Tag Archives: virginity

Have you got your Vplates?

When I read this by Alexandra Adornetto, I wasn’t sure whether to laugh, cry, or wonder whether I’d woken up in 1950.  (I will try to put down some of the more naive comments to her youth, but Tony Abbott has no excuse.) 

All of my YA novels have dealt, to greater or lesser degree, with female sexuality, past and present – not least my most recently completed one, which deals with the ramifications of four girls making a deliberate decision to lose their virginity.  I have therefore had some cause to reflect on the complexities faced by young women and how they negotiate the tricky area of sexuality and desire.  In the process of writing the last novel, I took a quite extensive survey of my female friends and acquaintances on their first times, and was astonished at the sheer variety of experiences women have had – although they probably came down more on the negative side, regardless of who it was with, one night stand or just-married husband.  I was also astonished at the number of women whose first sexual experiences (not necessarily sex) were not at their own instigation, but were the result of predatory uncles, family friends, older brothers etc.  For us to be having a conversation about female sexuality, this vast and undiscussed underbelly of experience also needs to be taken into account. 

But I want to ask: why are we having this debate about virginity?  Why the focus on what young women are or aren’t doing?  Where is the discussion of young men’s behaviour – which to me would seem the more worrying?  Is it because girls are acing boys academically?  Is it because Julia Gillard scares the bejesus out of Tony Abbott?  Are girls going to be told to stay home and reproduce next?  And my goodness, don’t we have more important things to worry about?

This isn’t to say that sex can’t be dangerous territory for young women: Alexandra is on the money when she mentions the damage that can be done by mixing sex and alcohol, and the sexualisation of girls and women – which also reduces females to their bodies – is concerning to many commentators (thanks Cassandra for the link).  But it’s not enough to say to girls to just say no: it merely shifts the responsibility for the problem of our porn-obsessed, hypersexualised culture.  It would be far better for Alexandra and other young women to challenge the stereotypes they are confronted with: what do they say when boys of their acquaintance call someone slutty-mc-slut-slut?  Smile politely?  I hope not.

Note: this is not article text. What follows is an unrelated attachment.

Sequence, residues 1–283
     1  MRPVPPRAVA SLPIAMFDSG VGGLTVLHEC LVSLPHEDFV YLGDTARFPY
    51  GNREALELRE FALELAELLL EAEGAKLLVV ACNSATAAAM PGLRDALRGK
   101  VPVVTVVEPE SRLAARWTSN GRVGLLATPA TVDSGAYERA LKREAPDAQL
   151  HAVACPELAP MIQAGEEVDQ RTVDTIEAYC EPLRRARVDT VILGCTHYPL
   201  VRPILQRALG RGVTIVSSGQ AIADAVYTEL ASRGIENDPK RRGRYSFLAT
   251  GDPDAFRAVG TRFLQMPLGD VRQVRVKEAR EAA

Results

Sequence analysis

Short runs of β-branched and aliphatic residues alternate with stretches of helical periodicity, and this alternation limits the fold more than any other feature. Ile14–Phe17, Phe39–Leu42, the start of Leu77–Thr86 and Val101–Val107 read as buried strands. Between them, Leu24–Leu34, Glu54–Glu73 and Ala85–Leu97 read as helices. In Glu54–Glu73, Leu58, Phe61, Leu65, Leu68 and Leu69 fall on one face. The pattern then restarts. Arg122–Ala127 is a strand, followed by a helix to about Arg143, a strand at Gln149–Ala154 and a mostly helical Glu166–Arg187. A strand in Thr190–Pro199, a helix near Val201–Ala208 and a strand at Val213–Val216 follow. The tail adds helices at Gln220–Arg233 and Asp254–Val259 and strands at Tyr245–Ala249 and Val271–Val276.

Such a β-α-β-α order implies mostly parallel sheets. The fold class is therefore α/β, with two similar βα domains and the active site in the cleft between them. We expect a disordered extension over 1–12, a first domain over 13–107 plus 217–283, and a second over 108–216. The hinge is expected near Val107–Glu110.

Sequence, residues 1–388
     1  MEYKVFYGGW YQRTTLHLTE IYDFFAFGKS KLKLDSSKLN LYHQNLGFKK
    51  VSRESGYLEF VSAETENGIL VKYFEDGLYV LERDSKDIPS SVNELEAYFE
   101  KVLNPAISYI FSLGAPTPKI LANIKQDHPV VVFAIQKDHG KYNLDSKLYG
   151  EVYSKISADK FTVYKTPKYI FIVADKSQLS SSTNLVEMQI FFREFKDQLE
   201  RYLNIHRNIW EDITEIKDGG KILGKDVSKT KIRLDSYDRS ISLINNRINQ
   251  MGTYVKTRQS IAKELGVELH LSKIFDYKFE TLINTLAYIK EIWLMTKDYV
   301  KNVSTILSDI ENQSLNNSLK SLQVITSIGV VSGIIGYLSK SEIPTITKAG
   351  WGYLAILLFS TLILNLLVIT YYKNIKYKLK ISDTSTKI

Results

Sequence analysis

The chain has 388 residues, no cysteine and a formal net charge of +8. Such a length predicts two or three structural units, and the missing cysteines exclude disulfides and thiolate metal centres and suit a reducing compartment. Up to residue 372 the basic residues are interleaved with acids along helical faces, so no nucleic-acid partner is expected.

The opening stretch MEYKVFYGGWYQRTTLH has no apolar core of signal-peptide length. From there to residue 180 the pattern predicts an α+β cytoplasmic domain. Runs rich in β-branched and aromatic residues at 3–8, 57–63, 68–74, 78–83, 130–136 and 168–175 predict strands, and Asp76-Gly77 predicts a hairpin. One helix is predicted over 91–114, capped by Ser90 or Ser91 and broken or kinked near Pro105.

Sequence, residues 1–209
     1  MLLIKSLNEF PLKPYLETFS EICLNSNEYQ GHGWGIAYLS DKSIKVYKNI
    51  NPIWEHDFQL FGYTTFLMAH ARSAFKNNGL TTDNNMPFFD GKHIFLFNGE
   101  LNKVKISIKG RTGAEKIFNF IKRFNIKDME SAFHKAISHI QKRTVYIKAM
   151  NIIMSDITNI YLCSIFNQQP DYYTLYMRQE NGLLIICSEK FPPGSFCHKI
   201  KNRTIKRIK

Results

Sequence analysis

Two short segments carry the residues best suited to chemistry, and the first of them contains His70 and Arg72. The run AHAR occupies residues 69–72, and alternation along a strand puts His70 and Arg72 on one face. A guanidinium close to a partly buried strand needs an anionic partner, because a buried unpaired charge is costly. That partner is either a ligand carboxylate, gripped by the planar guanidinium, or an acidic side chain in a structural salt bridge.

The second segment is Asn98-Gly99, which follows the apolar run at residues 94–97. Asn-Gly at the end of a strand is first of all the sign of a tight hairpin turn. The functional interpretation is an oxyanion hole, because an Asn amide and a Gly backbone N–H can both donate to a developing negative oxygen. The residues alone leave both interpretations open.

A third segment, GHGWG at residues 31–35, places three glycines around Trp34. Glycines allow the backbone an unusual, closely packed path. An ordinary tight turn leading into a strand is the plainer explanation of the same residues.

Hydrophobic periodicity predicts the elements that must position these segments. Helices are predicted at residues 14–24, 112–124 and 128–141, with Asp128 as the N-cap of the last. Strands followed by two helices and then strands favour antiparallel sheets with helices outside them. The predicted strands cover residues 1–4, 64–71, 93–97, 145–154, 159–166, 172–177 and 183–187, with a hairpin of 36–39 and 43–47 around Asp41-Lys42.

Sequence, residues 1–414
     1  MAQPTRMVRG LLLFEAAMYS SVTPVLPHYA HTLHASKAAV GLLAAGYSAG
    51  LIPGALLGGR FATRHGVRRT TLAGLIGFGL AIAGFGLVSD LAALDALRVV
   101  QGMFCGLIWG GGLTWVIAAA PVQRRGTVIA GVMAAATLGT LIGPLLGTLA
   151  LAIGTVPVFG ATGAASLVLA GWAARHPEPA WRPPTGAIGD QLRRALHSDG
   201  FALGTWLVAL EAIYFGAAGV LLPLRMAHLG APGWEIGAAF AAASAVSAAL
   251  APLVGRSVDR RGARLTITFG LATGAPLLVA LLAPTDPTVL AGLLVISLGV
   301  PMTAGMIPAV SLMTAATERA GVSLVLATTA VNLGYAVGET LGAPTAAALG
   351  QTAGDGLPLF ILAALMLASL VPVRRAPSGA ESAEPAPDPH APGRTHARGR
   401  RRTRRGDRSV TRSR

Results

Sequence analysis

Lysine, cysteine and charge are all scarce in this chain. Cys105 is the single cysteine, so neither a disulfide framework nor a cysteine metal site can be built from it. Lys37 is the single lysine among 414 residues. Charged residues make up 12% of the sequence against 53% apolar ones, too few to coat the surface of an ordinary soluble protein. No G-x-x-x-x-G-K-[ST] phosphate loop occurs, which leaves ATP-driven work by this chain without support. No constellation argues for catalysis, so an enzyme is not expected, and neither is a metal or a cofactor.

If I had any advice for young women and sex, it would be: do what you do when you want to do it.  If your peers equate your reputation with your level sexual activity, virginal or otherwise, go find different peers.  Equating a girl’s worth with her hymen is demeaning.  Actually, equating sex with penetration is a problem in itself – ask Bill Clinton.  What about questions of pleasure and desire?  It seems to be a no-go area in discussions of female sexuality. 

The only cheering thing about this whole debate is that Tony Abbott, presumably, would appear to approve of young lesbian women.  A silver lining, indeed.

And at least it turns out I may have written a topical novel for once. 

‘Mum, you are such a freak!’

… was my daughter’s first reaction to the beginning of the virginity novel.

‘They’re doing it on the first page!’ she spluttered.  ‘Is this book going to be in my school?’

Fortunately, her second, third and forth reactions included laughing and giggling, as she kept reading.

Agnes Nieuwenhuizen once said she had a theory that YA writers tended to write a conservative novel at the point that their kids hit adolescence.

I don’t think this book is it.

As a result of the novel, however, I have had to answer a few questions about my own past that I had been planning to fudge for a few years yet.  Fair cop, I guess.

To or not to be (explicit)